So often, when job seekers give their Elevator Speech at a networking event or when asked in a formal environment, they give an overly “slick” or a too detailed recitation.
A key to success in networking with others, is for them to clearly understand what you do and what you are looking for. If you come across as if you’re trying to impress them too much, or if they don’t “get” what you do, you won’t get results. Furthermore, if your Elevator Speech is too complex, you’re not likely to use it in situations where it might be most useful… like when you meet an old friend, neighbor, or co-worker on the street, at the grocery store, or at the mall.
When crafting, practicing, and using your Elevator Speech… it’s most effective when you remember to KISS (Keep It Simple Silly)!
Although an Elevator Speech is often used in various formal networking events, the most effective use is when you run into someone informally, and you get into a conversation about what you do. When you mention that you are looking for a job, the logical question in response is: What do you do? or What are you looking for?
How you respond to those questions will make all the difference in the world as to whether you get helpful referrals or a blank stare. Even in the formal networking environment, simpler explanations get better responses than complicated ones.
Often, people give too much detail about their experience or the specific type of job they are looking for. They use too much corporate lingo or acronyms. If the listener is in the same field, they may understand all that. However, in most cases, the listener isn’t in the same industry or field and most of it goes over their heads. They may nod in agreement because they may think they ought to know what you’re talking about, but they won’t be able to give any help.
Your goal is to make the complex simple. Make it easy to understand regardless of who’s listening, and don’t narrow down what you’re asking of them to the point that they can’t think of anyone for you.
When your job is simple, don’t make it complex! The vast majority of people have a basic understanding of what an accountant does. There’s no need to give too much detail. Your goal from the person is for them to refer anyone they know in your field, industry, or that might be a good connector. Don’t limit who they may refer to you. The more people you connect to, the better your odds of finding one with the best targeted referral for you.
Compare two descriptions, which is likely to be more easily understood by a “layman” and elicit more referrals?…
For the past 6 years I’ve been in Internal Auditing with 5 years prior to that in Cost Accounting. Most of my experience has been in a consumer goods manufacturing environment with an additional few years in food manufacturing.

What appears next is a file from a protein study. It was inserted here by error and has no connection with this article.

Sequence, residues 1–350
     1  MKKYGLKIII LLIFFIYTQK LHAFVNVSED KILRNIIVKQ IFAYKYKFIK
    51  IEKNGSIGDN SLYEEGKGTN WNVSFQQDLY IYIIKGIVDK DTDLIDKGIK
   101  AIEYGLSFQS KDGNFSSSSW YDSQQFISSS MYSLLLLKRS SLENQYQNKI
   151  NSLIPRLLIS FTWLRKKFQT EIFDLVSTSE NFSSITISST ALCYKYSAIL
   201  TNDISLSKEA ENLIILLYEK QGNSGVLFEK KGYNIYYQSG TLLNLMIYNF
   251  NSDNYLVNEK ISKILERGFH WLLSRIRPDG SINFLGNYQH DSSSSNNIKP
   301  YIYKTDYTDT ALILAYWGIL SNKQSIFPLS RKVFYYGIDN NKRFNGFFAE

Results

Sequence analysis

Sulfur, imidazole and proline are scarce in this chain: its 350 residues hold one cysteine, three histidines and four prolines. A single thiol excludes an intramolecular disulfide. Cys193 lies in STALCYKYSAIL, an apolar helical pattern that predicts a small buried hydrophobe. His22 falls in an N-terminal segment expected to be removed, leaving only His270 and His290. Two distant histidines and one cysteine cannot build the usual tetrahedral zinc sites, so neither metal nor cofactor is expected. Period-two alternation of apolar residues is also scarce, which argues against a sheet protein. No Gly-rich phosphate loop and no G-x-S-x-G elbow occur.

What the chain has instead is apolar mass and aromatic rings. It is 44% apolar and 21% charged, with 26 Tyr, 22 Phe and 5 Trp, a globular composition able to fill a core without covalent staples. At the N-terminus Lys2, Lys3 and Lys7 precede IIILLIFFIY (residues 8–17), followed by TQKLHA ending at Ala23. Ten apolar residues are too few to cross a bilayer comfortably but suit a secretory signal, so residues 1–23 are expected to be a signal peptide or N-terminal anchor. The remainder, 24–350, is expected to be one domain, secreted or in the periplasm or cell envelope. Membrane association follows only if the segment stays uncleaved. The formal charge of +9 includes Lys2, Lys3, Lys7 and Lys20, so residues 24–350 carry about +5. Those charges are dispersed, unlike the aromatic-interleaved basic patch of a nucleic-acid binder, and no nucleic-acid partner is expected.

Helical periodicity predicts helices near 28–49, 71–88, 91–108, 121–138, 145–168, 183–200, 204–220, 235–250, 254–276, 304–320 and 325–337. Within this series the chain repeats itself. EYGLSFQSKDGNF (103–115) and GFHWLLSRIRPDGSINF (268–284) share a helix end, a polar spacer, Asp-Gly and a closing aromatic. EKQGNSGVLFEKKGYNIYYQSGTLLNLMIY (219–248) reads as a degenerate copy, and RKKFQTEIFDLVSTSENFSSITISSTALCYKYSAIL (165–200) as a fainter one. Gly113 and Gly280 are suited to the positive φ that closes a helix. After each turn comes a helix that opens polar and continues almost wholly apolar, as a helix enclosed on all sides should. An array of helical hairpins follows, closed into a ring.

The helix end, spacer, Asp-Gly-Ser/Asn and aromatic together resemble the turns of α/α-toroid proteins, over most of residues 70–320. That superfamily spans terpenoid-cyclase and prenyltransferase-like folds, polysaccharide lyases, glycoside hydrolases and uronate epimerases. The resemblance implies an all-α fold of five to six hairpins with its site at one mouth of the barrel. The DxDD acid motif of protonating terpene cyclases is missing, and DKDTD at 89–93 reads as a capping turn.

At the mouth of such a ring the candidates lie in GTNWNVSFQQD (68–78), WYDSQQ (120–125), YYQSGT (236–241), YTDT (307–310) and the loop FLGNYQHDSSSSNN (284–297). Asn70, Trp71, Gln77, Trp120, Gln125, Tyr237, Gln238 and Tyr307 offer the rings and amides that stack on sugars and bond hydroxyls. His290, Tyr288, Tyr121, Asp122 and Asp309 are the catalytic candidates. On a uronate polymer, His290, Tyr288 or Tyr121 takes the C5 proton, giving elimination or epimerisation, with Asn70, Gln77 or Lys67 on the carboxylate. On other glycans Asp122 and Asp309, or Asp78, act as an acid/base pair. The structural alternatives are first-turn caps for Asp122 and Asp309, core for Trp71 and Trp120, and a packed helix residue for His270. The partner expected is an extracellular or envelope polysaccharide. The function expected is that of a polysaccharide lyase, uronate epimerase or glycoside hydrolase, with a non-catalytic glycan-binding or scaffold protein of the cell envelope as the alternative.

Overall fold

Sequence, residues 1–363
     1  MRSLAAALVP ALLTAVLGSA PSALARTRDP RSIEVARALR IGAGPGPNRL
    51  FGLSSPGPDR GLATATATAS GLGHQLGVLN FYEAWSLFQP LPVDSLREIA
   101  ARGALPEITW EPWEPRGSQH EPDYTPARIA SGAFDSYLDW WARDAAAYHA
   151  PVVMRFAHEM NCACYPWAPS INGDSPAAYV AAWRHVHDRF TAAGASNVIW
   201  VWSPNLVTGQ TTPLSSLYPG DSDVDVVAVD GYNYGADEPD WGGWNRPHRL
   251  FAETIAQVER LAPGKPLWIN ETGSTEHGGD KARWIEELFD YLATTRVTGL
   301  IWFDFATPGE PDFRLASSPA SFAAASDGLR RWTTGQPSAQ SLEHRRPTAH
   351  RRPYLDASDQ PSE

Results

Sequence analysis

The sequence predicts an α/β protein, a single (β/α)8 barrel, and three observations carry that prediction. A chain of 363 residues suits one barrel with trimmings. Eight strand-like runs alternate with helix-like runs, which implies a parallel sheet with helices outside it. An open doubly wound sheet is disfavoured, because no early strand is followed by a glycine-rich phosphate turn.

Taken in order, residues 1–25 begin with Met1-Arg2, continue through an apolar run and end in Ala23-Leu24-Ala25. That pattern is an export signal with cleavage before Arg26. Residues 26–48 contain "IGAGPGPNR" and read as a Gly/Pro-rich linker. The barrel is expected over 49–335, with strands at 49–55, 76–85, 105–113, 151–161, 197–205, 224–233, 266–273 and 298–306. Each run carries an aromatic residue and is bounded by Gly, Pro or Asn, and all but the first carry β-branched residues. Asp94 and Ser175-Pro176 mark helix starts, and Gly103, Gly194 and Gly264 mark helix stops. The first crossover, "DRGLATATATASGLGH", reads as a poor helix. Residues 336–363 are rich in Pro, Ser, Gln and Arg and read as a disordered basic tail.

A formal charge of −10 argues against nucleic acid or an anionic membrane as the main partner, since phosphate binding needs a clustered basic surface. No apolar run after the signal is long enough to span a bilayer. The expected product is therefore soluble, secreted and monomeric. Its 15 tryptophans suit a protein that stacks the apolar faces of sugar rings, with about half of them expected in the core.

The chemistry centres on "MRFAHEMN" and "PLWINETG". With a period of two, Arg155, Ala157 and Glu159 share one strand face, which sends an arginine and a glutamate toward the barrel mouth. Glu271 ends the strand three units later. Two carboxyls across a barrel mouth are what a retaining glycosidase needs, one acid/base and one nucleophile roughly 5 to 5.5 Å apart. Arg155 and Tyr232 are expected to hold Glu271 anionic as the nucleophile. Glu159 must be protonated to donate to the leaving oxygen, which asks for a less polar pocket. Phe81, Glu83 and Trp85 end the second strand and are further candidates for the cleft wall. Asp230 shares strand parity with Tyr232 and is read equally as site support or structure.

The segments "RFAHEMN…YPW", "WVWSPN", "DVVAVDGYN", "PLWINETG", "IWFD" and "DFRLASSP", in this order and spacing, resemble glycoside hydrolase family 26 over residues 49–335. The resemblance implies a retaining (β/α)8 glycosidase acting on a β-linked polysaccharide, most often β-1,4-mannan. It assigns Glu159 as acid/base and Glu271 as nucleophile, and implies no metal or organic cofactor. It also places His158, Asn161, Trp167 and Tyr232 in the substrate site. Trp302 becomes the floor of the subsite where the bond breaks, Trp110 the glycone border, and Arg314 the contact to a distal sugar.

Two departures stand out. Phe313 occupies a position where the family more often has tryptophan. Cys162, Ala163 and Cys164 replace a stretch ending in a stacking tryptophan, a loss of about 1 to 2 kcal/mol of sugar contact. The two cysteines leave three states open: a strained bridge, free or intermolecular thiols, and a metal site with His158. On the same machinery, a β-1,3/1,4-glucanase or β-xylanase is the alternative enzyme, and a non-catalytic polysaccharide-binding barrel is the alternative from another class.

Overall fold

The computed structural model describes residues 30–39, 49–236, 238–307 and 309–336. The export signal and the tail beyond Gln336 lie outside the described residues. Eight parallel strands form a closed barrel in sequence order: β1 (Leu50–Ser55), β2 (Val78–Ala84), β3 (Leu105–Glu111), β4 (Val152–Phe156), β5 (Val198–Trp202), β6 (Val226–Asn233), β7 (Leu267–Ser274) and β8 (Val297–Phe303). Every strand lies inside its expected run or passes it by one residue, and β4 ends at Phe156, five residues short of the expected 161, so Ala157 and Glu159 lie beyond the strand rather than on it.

For the past 11 years I’ve built a career in various aspects of Accounting. I’ve primarily worked in manufacturing environments, however, my skills are transferable to other industries as well.
If your career background is not as easily understood (i.e. a UNIX Systems Engineer), it’s important to make it easy to get an idea of what you’re targeting. Compare these two descriptions…
I’m a UNIX Systems Engineer specializing in Kernel development and PERL scripting. I’m also responsible for load balancing and capacity planning of Solaris, HP-UX, and AIX servers.
I’m a Computer Engineer specializing in UNIX operating systems. I make sure that the back-office systems always run smoothly and I prevent downtime.
Your follow up questions should always be something like…
Who else do you know that may work in corporate technology departments?
Who else do you know that might work for a manufacturing company?
Who else do you know in Accounting at any company, as they may know of other good referrals?
Who do you know that seems to be well connected into a number of companies?
Who do you know that seems to be a good connector to other people?
If you were in my situation, who would you talk to?
Who else do you know that might be worthwhile for me to talk to?
Brevity is a virtue. Generally, you’ll have someone’s full attention for a few seconds. Convey the vital information as briefly as you can or you will lose them. Shorter is always better.
An “Elevator Speech” is also often referred to as a “30-second Resume”. I don’t care for that term, because it doesn’t have to be 30 seconds and certainly shouldn’t be more than 30 seconds. If you can say it effectively in 10 seconds, there’s no reason to make it longer. Your description and follow up questions will have greater impact when they’re shorter rather than longer.
If your Elevator Speech is simple and short, you are MUCH more likely to use it when you get into a conversation with someone randomly, and you will dramatically improve your chances of getting meaningful results. Keep it Simple!
Harry Urschel has over 20 years experience as a technology recruiter in Minnesota. He currently operates as e-Executives, writes a blog for Job Seekers called The Wise Job Search, and can be found on Twitter as @eExecutives.
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